• Federal student loans: Your federal student loan servicer can grant forbearance for up to 12 months at a time. You have to apply to your loan servicer for forbearance. You must continue to make payments until you receive confirmation that your servicer has accepted your forbearance request. 
  • Private student loans: Private student loan forbearance varies. It is more limited than the federal student loan forbearance. Some servicers charge borrowers a flat fee to place loans into forbearance for a period of three months. Contact your private student loan servicer as early as possible if you want to explore this option.




GI Bill®

GI Bill® benefits offer education benefits for servicemembers and veterans. This funding covers tuition and fees, a monthly living allowance, and an annual book stipend. GI Bill® benefits do not need to be repaid.




Graduated repayment

Graduated repayment is a way to repay your student loans that works for those who expect their incomes to rise over time. In graduated repayment, payments start off low and increase every two years. You can contact your loan servicer to get information or to enroll. All federal student loan borrowers are eligible for this program.




Grant

A grant is a type of financial aid that does not have to be repaid.




Income-driven repayment

Income-Driven Repayment Plans include

  • Revised Pay As You Earn (REPAYE) 
  • Pay As You Earn (PAYE) 
  • Income-Based Repayment (IBR) 
  • Income-Contingent Repayment (ICR)

Income-driven repayment plans cap your monthly payments at a certain percentage of your discretionary income. Your payments may change as your income or family size changes. You must submit info on your income and family size each year to stay enrolled. 

If you repay your loan under an income-driven repayment plan, you may be eligible for loan forgiveness after . If you work in public service, you may be eligible for loan forgiveness in as few as 10 years.




Loan consolidation

When you consolidate your student loans, you are actually taking out a new loan. Consolidation allows you to combine several student loans into one larger loan.




Private student loans

Private student loans are any student loans that are not federal student loans. These loans are not the same as federal student loans.  They do not have the same flexible repayment terms or the full range of borrower protections as federal student loans. Private student loans are not funded or subsidized by the federal government.  Private student loans are funded by banks, credit unions, state loan programs, or other types of lenders.

Learn more about the differences between federal student loans and private student loans.




Public Service Loan Forgiveness

Public Service Loan Forgiveness is a program designed to help people manage federal student loan debt while pursuing a career in public service.  Public Service Loan Forgiveness (PSLF) is available to many employees working in public service including all levels of government, states and municipalities, school districts, public hospitals, non-profit organizations, and more. Learn more about the steps you should take if you are interested in PSLF.




Servicemembers Civil Relief Act (SCRA)

The Servicemembers Civil Relief Act (SCRA is a federal law that provides protections for military members as they enter active duty.

If you are currently serving on active duty, you are eligible to have your interest rate lowered to 6% on loans, including all student loans, taken out prior to your active duty military service. This benefit applies to both your federal and private student loans and is available for all active duty servicemembers, regardless of where you serve.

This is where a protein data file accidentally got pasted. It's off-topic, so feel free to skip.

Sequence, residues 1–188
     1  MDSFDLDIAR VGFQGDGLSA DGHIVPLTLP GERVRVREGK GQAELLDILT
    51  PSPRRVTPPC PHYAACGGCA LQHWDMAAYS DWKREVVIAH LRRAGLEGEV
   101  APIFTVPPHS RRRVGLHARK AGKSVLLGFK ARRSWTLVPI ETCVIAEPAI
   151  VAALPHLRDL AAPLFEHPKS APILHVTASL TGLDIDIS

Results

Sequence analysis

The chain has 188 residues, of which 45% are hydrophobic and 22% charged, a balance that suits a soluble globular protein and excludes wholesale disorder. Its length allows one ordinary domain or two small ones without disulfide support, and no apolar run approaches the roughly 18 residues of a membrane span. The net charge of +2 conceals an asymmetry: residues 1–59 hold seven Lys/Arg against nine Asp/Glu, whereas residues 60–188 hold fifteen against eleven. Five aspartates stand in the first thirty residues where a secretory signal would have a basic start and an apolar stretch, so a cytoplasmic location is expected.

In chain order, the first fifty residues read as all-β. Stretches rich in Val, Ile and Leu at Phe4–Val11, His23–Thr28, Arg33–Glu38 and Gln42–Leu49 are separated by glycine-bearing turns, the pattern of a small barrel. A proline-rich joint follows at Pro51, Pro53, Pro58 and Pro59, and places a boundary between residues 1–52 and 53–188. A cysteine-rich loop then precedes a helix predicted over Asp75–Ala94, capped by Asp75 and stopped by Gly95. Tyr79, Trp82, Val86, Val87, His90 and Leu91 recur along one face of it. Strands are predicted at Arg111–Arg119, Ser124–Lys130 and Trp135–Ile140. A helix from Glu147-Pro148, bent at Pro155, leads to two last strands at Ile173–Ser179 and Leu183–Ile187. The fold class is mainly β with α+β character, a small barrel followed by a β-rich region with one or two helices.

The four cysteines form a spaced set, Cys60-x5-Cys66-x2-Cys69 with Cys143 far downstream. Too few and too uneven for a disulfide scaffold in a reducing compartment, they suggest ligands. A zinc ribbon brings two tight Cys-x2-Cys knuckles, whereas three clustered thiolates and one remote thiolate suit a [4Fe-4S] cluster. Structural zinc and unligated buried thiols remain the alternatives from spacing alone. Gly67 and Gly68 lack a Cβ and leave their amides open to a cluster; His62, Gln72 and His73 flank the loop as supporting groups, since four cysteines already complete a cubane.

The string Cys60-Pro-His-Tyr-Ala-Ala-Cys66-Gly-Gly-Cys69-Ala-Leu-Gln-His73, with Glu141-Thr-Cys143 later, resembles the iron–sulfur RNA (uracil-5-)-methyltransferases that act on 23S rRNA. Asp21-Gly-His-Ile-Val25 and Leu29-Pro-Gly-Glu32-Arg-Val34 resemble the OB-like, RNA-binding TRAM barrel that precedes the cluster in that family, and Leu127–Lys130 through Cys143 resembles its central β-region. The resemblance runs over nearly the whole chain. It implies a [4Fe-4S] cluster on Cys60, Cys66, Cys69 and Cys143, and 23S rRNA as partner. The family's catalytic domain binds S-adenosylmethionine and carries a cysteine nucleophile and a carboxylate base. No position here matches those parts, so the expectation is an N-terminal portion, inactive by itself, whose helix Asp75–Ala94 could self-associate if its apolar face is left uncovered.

Learn more about how to obtain an interest rate reduction under the SCRA.




Standard repayment

Unless you arrange for a different repayment schedule with your loan servicer, the standard repayment schedule is 120 months (10 years). Payments are a fixed amount over the life of the loan.




Student loan servicer

Your loan servicer is the company that sends you your bill each month. Servicers are companies that collect payments on a loan, respond to customer service inquiries, and handle other administrative tasks associated with maintaining a loan. Loan servicers also track loans while the borrowers are in school, , maintain loan records, process payments,  accept applications and process changes in repayment plans, deferments, forbearances, or other activities to prevent default.




Subsidized loan

Subsidized loans are typically federal student loans. For all subsidized federal student loans, the U.S. Department of Education subsidizes (pays the interest on) your loan while you are in school and during periods of deferment, such as during military service. Subsidized loans are available for eligible students who demonstrate financial need. You will be notified by your school if you qualify for a subsidized loan, after you complete the Free Application for Federal Student Aid (FAFSA).

Private student loans are typically unsubsidized and you can expect to pay all the interest that accrues, including interest that is charged while you are in school. The interest will be piling up while you are in school for you to pay back after you finish school.




Total loan balance

It is important to keep track of how much you are borrowing to pay for college. 

To find out the balance of your federal student loans, you should visit the National Student Loan Data System (NSLDS) at . NSLDS is the U.S. Department of Education's central database for student aid and provides a centralized, integrated view of your federal student loans and grants so you can access and inquire about them.

To find out the total balance of all your private student loans, you’ll need to contact each of your private student loan servicers to determine your total loan balance or check your credit report.Unlike federal student loans, there is not a single website that contains information about all of your private student loans. If you do not know about private student loans you might have, request a free credit report at  annualcreditreport.com . Private student lenders may report your loans to credit reporting agencies even while you’re still in school or in deferment.




Unsubsidized loan

For unsubsidized loans, a borrower is responsible for the interest that builds up on the loan while they are in school. 




Work study

Federal Work-Study helps provide part-time jobs for undergraduate and graduate students with financial need, allowing them to earn money to help pay education expenses.